AgeTek–Aging Technology Alliance–steps forward at What's Next

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Late Thursday afternoon, after three-hour brain-bending ‘boot camps’ at the What’s Next Boomer Business Summit, a standing-room-only group of over 50 CEOs, company founders, VPs and other executives crowded into a lower level meeting room at the Hyatt Regency Chicago–without being served drinks and snacks–and participated in the first open meeting of the Aging Technology Alliance–AgeTek. The purpose of the group is akin to a local Chamber of Commerce–to promote the awareness, benefits and value of member products and services, and to assist in the advancement of member companies in the aging technology industry.  The ‘consortium’ format was first formulated during the Silvers Summit at CES 2010 to–unusually–encourage cooperation among companies.  The ad hoc board of directors reflects the potential membership as a whole–small companies, service and product vendors, and educational advisers.  Potential members joined or discussed membership (companies of 100 employees and below, plus advisory and associate members from non-profits, educational organizations and services/product vendors), committees on six topics were formed up, a message and value proposition were discussed.  It was exciting–and much more work ahead.  To find out more, including updates from the Chicago meeting–www.agetek.orgAgeTek flyer, release (PDF)

[Editor’s note:  AgeTek from the start is developing in a remarkable way.  The first is the emphasis on sharing and cooperation.  The membership will inevitably include competitors in fall detection, remote monitoring etc. but that everyone understands that the industry as a whole still needs to establish its place in the boomer/senior/chronic condition monitoring market, and to do so they must work together.  An expanding industry means, as director Laura Mitchell reminded the participants, ‘the tide will lift all boats.’  Another is that the board has deliberately constituted voting membership, at tiered levels of affordable dues, to include small companies only.  This benefits the innovators–companies whose primary/only business is aging technology–and also encourages a foundation of shared interest and partnerships, without the concern that a large company might have other agendas.  This also promises a high level of nimbleness–contrasting with Continua Alliance, which priced out smaller companies almost immediately, emphasized the giants, and had to restage itself after two years.  Donna]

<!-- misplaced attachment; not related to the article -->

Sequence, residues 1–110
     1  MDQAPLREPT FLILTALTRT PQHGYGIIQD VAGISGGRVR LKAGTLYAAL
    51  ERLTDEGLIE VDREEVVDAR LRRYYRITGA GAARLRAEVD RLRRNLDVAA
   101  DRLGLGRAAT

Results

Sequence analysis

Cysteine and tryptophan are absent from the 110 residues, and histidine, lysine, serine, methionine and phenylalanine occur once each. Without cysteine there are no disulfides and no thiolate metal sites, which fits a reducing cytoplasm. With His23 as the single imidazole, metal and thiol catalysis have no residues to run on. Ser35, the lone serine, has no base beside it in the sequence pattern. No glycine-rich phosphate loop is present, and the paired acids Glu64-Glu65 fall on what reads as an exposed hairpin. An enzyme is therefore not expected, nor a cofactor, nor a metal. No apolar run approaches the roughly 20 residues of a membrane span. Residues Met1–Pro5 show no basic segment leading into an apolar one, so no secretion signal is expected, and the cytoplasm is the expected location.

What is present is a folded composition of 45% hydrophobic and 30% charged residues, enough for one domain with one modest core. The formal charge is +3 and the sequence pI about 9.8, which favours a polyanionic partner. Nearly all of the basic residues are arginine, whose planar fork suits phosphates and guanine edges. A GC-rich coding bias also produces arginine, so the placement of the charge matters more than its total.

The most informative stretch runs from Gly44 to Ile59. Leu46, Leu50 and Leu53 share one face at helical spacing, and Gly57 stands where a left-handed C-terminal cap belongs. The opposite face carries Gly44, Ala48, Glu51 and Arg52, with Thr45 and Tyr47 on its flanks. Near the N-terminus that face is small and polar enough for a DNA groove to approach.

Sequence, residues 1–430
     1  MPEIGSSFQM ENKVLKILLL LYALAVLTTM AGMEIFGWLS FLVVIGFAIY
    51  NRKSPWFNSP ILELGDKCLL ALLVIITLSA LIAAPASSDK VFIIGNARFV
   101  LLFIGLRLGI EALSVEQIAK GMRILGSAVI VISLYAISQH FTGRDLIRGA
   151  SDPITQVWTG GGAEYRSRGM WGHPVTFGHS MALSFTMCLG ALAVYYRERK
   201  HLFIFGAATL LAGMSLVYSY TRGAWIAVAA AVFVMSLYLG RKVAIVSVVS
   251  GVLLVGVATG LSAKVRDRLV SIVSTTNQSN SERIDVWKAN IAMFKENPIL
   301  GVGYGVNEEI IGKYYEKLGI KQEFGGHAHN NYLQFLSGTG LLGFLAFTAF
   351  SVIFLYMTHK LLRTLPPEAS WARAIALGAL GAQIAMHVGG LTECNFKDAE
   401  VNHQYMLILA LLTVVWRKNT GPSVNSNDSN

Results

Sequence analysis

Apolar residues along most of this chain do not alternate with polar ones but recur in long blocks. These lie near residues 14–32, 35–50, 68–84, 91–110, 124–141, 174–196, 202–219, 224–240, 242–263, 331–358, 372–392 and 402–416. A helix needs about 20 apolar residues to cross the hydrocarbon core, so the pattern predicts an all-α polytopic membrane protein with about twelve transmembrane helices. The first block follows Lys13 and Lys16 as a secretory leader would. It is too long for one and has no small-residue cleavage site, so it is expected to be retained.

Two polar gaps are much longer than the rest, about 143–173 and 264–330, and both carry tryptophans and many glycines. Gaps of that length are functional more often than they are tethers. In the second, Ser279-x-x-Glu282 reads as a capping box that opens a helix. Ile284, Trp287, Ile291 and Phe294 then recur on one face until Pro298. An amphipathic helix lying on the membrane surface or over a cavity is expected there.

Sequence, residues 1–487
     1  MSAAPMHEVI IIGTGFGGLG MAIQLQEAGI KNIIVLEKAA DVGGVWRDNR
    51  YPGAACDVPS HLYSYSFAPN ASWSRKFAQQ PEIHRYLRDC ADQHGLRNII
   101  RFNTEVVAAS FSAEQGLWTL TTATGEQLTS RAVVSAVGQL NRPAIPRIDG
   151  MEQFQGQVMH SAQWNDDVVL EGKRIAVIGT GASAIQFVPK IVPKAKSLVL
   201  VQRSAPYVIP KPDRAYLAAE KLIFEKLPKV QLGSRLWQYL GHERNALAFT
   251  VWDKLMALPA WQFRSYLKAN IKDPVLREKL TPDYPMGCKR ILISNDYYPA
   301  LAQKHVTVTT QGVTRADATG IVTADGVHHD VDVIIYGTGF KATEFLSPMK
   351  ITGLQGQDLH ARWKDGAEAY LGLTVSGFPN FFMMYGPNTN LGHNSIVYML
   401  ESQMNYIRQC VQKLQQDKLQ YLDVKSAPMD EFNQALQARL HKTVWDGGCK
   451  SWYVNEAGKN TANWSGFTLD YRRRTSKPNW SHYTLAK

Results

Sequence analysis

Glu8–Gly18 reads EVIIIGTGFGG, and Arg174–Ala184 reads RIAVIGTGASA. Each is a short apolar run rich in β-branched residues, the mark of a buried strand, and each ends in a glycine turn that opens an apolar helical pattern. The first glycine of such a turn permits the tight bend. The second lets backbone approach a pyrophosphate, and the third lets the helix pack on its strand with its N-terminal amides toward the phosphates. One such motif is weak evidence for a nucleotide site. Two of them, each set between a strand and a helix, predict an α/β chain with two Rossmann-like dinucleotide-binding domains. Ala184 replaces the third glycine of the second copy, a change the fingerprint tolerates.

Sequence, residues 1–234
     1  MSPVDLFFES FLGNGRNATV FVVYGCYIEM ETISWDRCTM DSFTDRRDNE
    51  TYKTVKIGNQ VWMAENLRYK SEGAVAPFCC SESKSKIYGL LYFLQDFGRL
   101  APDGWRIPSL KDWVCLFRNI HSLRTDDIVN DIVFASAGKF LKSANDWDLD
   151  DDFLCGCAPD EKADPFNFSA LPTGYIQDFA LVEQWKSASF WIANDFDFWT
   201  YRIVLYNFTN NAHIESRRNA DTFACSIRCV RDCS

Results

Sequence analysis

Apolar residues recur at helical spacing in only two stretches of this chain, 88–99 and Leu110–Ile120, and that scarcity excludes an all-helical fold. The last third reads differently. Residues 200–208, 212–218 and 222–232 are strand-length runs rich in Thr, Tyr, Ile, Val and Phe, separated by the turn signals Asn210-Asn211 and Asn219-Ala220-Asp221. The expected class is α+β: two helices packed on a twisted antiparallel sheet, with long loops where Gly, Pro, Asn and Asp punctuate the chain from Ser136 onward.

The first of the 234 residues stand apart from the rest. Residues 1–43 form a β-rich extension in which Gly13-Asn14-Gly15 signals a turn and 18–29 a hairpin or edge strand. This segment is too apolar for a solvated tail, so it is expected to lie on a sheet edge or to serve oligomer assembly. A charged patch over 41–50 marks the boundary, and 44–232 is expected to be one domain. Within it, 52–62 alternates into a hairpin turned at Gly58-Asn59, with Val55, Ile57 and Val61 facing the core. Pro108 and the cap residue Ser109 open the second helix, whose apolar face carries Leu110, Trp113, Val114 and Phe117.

Comments

  1. Steve Hards, Editor

    AgeTek for the UK?
    Well, here’s a difference between the UK and the US – at least five years ago I floated the need for such an organisation for small telecare and telehealth companies, but nothing happened. In the US, AgeTek was conceived and born in just a few months.

  2. Donna Cusano, Editor North America

    It’s promising!
    Perhaps AgeTek will serve as a model for the UK and for Canada. In addition, right now the alliance currently includes only US-based companies, but if they are doing business and have a base in the US….?

  3. Peter Radsliff

    Aging Technology Alliance

    First of all, thank you Donna for such an accurate and succinct write-up.

    A few comments:  You are right on that this alliance was formed out of a need of smaller companies to band together, share resources and help each other succeed. But larger companies are welcome also, only as “Advisory Members.” The thought being that these well-established companies don’t need the help of a self-help group. And, certainly, AgeTek members don’t want the agenda steered off-topic, but at the same time having an advisory relationship with academic institutions, non-profit companies, and large for-profit companies is desirable. 

    As for international members, quite honestly the board hasn’t yet discussed it other than to include global aspirations in our vision. I will put this on the agenda for our next board meeting. I don’t see why we wouldn’t encourage “across-the-pond” relationships, but again, our desire is to also stay focused on our mission as we just get off the ground. Again, thanks.

    Peter Radsliff, ad hoc board chairman, Aging Technology Alliance http://www.agetek.org, mailto: agetek@me.com, also president & CEO Presto Services Inc. http://www.presto.com

  4. Susan Ayers Walker

    Aging Technology Alliance

    I am thrilled that AgeTek has formed. The timing is right for the formation just ahead of the global advancing age wave.

    With collective strength in membership, this organization is poised to inspire other companies entering this market to adopt quality of service and ease of use standards that are important inclusions in products targeting older adults. Agetek members can lead by example.

    AgeTek will have the collective strength to reach the consumer and caregiving markets with timley information on products that could deliver quality of life, peace of mind, safety or be assistive as consumers age at home. I look forward to AgeTek growing in membership and inspiring best practices for their unique industry.

    [Editor’s note (Donna):  Susan Ayers Walker is the co-founder and managing director of the Smart Silvers Alliance and a co-organizer of the Silvers Summit conference/Digital Health Summit (and others) at the International Consumer Electronics Show (CES).]